They can reflect no dishonour on his Majesty." "Save that they seem to imply a belief on your part that his Majesty has chosen his officers badly," Buckingham said, regarding the young man fixedly.
It is a great favourite with the German peasantry; and although its name, Schottische, would seem to imply that it came from Scotland, there is no doubt that it is essentially German alike in character and in music.
To secure brevity, en avant is always understood to imply en arrière when the latter is not expressed.
The opening words of the second account of creation, which begins in the fourth verse of the second chapter of Genesis, imply that the earth and the heavens have already been created.
Does the command imply the immediate or the gradual conquest of nature?
Does this story imply that every man has the right and capacity to become God-like?
Does authority always imply responsibility?
Bible I, 176-7.) Do the earliest Hebrew records imply that these were miracles or natural calamities peculiar to the land of Egypt?
The care of parents for their children throughout all of their early years would naturally imply loyalty of children to the parents as a mark of gratitude for the time and affection expended upon them.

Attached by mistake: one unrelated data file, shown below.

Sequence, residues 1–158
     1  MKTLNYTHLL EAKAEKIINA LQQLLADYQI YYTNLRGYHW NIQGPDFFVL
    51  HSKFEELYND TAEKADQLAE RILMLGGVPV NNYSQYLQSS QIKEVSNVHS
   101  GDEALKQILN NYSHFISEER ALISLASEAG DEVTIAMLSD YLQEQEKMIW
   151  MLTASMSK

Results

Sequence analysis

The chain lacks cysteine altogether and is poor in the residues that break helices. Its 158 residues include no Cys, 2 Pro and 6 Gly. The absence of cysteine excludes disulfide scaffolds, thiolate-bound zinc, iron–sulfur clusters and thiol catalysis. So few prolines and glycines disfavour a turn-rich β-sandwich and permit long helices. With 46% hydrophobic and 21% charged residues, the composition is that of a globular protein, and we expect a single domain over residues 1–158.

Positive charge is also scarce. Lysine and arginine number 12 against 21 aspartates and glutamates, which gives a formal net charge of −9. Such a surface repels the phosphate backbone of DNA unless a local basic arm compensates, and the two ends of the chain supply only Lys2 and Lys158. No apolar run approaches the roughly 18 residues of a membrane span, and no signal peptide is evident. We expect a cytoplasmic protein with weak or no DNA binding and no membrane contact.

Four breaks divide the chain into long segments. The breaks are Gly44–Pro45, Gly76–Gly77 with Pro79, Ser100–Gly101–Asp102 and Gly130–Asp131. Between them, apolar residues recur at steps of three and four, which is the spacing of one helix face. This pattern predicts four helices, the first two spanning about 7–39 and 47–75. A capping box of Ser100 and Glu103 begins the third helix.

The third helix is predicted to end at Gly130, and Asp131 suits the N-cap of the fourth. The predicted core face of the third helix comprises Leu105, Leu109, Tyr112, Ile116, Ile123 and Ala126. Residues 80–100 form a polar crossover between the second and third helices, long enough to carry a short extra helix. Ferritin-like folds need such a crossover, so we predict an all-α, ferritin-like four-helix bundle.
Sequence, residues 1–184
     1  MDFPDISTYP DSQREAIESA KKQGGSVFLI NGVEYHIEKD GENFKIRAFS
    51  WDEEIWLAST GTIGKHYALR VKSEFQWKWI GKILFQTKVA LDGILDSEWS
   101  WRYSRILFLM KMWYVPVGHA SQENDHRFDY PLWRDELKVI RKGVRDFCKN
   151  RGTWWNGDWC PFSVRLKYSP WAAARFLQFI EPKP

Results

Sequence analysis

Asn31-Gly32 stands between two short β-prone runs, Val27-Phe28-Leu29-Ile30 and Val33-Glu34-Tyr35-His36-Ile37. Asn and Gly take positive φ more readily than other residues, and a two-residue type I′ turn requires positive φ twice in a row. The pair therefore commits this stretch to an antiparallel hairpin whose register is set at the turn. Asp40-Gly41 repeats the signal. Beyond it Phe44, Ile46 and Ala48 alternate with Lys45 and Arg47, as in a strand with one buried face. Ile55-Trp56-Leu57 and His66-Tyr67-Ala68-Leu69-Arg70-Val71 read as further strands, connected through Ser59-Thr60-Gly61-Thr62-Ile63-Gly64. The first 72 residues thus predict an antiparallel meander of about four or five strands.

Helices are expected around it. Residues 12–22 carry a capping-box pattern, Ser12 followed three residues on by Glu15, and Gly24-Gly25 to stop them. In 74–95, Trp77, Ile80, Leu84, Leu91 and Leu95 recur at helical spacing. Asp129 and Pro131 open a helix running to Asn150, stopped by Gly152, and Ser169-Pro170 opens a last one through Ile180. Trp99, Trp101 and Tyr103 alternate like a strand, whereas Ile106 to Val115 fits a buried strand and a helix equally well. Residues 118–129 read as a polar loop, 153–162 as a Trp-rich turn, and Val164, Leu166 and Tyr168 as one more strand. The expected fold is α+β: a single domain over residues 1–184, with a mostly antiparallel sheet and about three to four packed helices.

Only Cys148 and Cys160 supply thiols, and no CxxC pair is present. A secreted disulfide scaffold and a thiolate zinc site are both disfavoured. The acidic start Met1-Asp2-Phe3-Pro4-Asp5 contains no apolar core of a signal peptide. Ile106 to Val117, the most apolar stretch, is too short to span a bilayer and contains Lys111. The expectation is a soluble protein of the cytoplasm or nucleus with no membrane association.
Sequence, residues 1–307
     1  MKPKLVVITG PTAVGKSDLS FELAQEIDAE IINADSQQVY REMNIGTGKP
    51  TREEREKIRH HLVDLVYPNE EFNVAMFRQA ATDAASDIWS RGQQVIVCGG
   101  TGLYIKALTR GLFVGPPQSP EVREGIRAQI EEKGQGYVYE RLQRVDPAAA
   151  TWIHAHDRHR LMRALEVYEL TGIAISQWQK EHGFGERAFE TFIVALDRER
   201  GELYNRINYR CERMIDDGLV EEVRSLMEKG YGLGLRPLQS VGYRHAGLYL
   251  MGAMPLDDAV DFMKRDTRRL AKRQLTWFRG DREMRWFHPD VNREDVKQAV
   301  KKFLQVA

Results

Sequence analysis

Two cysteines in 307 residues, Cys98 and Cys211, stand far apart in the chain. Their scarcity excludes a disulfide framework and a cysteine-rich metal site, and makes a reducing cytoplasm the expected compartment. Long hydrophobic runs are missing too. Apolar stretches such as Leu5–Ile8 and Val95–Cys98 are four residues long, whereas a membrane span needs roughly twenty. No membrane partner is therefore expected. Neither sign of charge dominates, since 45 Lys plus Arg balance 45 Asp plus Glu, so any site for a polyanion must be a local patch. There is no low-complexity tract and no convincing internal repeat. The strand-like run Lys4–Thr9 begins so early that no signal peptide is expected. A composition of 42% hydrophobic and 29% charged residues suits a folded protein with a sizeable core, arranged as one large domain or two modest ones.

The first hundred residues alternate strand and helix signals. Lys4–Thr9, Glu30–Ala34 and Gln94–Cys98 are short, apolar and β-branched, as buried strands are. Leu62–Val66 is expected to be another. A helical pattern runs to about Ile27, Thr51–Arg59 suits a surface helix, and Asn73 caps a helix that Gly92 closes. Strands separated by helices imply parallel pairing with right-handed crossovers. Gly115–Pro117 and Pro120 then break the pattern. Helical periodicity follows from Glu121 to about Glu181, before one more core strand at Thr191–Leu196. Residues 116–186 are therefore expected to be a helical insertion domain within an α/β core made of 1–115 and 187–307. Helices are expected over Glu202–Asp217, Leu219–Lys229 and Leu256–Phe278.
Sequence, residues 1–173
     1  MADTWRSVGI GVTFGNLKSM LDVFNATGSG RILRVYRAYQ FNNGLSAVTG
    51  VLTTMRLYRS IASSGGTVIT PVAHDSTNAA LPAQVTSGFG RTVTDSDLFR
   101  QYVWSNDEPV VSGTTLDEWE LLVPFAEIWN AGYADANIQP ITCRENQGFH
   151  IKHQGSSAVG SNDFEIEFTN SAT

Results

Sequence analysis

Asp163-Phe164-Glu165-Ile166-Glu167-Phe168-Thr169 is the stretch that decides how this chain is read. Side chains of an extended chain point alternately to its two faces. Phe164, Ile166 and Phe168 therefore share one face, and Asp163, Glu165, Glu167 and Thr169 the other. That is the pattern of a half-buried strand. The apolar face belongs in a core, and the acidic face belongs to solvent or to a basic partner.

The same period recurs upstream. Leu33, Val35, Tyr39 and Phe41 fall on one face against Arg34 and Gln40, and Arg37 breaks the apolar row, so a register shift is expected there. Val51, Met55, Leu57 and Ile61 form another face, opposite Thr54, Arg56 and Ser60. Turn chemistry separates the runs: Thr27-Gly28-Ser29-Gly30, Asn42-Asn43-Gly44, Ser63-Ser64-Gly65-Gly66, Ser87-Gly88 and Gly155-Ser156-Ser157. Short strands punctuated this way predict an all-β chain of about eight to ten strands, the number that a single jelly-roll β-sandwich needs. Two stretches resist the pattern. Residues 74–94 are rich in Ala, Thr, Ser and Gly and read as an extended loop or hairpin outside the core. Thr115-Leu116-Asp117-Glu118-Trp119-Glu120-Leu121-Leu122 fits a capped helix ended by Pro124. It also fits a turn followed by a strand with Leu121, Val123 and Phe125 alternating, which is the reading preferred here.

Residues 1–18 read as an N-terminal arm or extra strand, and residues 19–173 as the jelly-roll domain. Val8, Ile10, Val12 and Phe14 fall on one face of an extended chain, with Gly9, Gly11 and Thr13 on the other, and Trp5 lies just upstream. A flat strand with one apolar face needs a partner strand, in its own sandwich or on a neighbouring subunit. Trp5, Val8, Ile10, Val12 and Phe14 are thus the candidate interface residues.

The early Hebrew narratives imply that certain nomadic tribes, as, for example, the Calebites, the Kenizzites and the Jerahmeelites, independently gained a foothold on the southern borders of Canaan and ultimately assimilated with the Hebrew tribe of Judah when the latter entered Palestine.
If this be true, does it imply that Jehovah had no part in preparing the way for the future conquests of his people?
Recent excavations have also shown why later generations regarded its capture by the Hebrews as a miracle, although many modern interpreters hold that the early account does not imply that it was by supernatural means.
“Mr. Glenarm, I have no intention of discussing that, or any other matter with you—” “It is better so—” “But your accusations, the things you imply, are unjust, infamous!”
" Miss Blagden's words would seem to imply that she thought the criticism mine.
But there can be no doubt that, whichever way things might go, their view of the matter would be strongly influenced by the very decided opinion that that course would be best which should not imply the necessity for doing anything.
It never seems to have occurred to Frederick that the possession of genius might imply a quality of spirit which was not that of an ordinary man.